Everyone knows the now-standard legal argument. Sexual history, provocative dress, outrageous flirting, even excessive consumption of alcohol: none of it, in theory at least, is an excuse for rape any longer. Yet many people don't really believe this. An Amnesty International report in 2005 found that one in three British people considered that female rape victims were at least partially responsible if they had behaved in a way that their assailant considered to be "provocative".

Whether they think this is fair or not, women do of course accept that their own careful behaviour can make them less likely to be raped. Some feminists may long to "reclaim the night". But most of us accept that walking home alone, after dark, in an unpopulated area, is a stupid thing to do, or that being alone in an intimate situation with a man – even one we know well – can lead to trouble. As for wild drunkenness, I know of no one who argues that it is a fabulous social innovation. It's a huge leap though to contend that if you fail to take any or all of those precautions, then you have got what's coming.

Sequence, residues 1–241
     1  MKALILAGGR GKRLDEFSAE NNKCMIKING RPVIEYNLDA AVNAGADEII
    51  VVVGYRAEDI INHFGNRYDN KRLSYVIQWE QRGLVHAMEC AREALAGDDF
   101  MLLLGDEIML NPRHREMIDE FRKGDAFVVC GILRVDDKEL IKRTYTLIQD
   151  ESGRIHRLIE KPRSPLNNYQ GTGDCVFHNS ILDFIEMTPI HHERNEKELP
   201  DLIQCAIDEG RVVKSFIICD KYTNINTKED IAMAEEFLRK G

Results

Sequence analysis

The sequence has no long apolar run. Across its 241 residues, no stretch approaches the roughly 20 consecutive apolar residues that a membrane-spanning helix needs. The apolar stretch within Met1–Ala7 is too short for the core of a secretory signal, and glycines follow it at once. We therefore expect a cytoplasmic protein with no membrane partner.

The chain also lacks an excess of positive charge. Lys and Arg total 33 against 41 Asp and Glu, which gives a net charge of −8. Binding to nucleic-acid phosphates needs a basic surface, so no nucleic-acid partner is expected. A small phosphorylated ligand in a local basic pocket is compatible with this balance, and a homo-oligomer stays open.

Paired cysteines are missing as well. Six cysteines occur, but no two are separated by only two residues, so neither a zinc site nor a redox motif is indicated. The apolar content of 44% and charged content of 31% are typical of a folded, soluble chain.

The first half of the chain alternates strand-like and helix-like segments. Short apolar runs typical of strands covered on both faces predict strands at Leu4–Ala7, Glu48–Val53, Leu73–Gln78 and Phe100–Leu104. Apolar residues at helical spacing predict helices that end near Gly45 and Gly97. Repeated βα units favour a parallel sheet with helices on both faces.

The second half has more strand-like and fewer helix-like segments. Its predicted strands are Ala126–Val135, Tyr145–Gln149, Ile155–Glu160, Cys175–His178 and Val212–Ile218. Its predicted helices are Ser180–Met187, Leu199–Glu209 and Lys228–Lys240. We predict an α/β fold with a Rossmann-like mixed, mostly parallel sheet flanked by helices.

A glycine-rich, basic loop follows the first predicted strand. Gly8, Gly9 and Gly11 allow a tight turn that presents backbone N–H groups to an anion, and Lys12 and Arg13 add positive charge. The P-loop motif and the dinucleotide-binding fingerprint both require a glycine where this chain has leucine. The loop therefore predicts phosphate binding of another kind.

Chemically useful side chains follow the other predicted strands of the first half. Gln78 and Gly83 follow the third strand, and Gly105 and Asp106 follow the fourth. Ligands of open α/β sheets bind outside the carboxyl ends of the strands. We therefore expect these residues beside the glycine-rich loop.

Hayley believed, presumably, that walking home in some company would protect her, rather than making her more vulnerable. No doubt one could argue that Hayley had brought her troubles on herself, and on her family. People consider it awfully bold to suggest that a woman who gets herself assaulted when drunk is rather like a householder who gets burgled while leaving the door open. And it is rather less contentious to suggest that no adult should become intoxicated while looking after children. Poor Hayley was one of those women who did not need to be berated for her lack of personal responsibility though. In the crippling psychological aftermath of the attack, Hayley's children were taken into care, and she killed herself with an overdose of anti-depressants.